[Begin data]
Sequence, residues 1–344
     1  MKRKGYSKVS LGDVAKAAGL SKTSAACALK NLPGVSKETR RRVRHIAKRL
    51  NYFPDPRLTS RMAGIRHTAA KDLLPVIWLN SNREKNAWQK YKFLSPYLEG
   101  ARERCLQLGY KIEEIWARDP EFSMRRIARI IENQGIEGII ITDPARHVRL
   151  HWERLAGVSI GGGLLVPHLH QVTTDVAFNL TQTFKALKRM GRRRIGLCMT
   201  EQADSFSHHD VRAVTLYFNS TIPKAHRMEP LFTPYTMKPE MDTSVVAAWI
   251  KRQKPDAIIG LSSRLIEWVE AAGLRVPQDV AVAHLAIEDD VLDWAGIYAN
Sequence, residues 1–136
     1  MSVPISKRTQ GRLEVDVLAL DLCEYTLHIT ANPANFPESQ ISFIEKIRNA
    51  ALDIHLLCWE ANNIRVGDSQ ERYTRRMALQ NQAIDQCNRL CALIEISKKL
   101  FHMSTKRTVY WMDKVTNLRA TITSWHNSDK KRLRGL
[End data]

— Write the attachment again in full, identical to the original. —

Sequence, residues 1–344
     1  MKRKGYSKVS LGDVAKAAGL SKTSAACALK NLPGVSKETR RRVRHIAKRL
    51  NYFPDPRLTS RMAGIRHTAA KDLLPVIWLN SNREKNAWQK YKFLSPYLEG
   101  ARERCLQLGY KIEEIWARDP EFSMRRIARI IENQGIEGII ITDPARHVRL
   151  HWERLAGVSI GGGLLVPHLH QVTTDVAFNL TQTFKALKRM GRRRIGLCMT
   201  EQADSFSHHD VRAVTLYFNS TIPKAHRMEP LFTPYTMKPE MDTSVVAAWI
   251  KRQKPDAIIG LSSRLIEWVE AAGLRVPQDV AVAHLAIEDD VLDWAGIYAN
Sequence, residues 1–136
     1  MSVPISKRTQ GRLEVDVLAL DLCEYTLHIT ANPANFPESQ ISFIEKIRNA
    51  ALDIHLLCWE ANNIRVGDSQ ERYTRRMALQ NQAIDQCNRL CALIEISKKL
   101  FHMSTKRTVY WMDKVTNLRA TITSWHNSDK KRLRGL